Finally, operational availability counts all sources of downtime, including logistical and administrative, against a system. Availability can also be calculated instantaneously, averaged over an interval, or reported as an asymptotic value. Asymptotic availability can be calculated easily, but care must be taken to analyze whether or not a systems settles down or settles up to the asymptotic value, as well as how long it takes until the system approaches that asymptotic value.

It is defined as the partial derivative of the system reliability with respect to the reliability of a component. Criticality is a guide to prioritizing reliability improvement efforts. Many of these metrics cannot be calculated directly because the integrals involved are intractable. They are usually estimated using simulation.

There are a wide range of models that estimate and predict reliability Meeker and Escobar System models are used to 1 combine probabilities or their surrogates, failure rates and restoration times, at the component level to find a system level probability or 2 to evaluate a system for maintainability, single points of failure, and failure propagation. The three most common are reliability block diagrams, fault trees, and failure modes and effects analyses.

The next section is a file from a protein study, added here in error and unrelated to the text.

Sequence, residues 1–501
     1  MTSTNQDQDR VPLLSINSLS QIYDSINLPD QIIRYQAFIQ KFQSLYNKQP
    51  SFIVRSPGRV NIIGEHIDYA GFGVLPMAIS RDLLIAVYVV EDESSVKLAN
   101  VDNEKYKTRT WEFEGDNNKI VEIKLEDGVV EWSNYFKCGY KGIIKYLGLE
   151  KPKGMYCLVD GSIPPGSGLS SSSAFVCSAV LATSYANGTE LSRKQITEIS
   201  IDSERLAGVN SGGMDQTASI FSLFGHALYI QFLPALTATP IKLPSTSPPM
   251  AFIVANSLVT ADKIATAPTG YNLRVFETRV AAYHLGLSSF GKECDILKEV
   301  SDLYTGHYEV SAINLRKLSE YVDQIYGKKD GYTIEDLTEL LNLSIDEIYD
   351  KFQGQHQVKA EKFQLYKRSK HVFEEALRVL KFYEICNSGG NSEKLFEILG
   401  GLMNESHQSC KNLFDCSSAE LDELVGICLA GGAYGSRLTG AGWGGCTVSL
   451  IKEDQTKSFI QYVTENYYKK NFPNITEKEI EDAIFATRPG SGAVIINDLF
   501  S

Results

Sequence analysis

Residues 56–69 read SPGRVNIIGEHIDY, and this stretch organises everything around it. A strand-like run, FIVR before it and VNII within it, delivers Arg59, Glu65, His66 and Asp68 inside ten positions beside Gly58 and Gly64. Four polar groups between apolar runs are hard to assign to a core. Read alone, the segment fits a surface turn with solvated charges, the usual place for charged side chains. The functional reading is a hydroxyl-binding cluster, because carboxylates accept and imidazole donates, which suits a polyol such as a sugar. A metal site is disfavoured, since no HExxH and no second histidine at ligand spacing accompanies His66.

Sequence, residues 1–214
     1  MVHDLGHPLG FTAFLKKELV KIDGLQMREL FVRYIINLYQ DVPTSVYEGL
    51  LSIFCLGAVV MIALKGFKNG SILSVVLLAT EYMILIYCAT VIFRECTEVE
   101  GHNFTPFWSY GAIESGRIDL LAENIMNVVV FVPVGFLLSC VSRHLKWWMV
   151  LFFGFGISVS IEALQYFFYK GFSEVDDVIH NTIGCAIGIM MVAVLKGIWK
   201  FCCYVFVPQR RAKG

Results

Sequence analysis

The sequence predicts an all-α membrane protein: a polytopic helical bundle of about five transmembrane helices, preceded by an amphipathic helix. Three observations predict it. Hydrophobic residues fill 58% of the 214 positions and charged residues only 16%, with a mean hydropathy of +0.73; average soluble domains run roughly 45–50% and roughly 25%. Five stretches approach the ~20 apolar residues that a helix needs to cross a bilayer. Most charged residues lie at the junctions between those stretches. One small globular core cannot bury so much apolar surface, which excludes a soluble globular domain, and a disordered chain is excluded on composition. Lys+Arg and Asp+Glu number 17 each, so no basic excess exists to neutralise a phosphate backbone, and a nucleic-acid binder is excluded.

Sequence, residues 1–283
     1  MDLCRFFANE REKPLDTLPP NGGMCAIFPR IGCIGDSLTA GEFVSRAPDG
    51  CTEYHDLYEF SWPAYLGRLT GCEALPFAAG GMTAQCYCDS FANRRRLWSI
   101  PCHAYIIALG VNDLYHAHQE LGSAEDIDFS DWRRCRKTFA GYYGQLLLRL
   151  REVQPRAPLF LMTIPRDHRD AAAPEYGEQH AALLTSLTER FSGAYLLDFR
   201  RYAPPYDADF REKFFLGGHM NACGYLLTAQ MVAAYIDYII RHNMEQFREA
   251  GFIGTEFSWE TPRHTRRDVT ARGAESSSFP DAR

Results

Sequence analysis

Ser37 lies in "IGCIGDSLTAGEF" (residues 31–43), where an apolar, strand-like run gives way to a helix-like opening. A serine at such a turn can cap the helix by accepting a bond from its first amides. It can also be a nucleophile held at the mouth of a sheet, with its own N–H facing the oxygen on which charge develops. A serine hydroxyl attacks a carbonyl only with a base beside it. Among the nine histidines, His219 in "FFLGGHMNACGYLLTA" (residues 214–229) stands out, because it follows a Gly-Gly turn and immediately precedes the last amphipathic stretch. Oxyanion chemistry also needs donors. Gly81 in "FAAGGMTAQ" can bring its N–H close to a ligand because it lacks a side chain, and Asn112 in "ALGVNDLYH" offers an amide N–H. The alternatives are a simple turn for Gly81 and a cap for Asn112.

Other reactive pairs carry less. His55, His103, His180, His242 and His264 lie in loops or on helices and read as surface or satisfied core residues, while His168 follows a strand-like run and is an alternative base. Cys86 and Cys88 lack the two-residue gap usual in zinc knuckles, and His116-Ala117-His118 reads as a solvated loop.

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There are more sophisticated probability models used for life data analysis. These are best characterized by their failure rate behavior, which is defined as the probability that a unit fails in the next small interval of time, given it has lived until the beginning of the interval, and divided by the length of the interval. Models can be considered for a fixed environmental condition.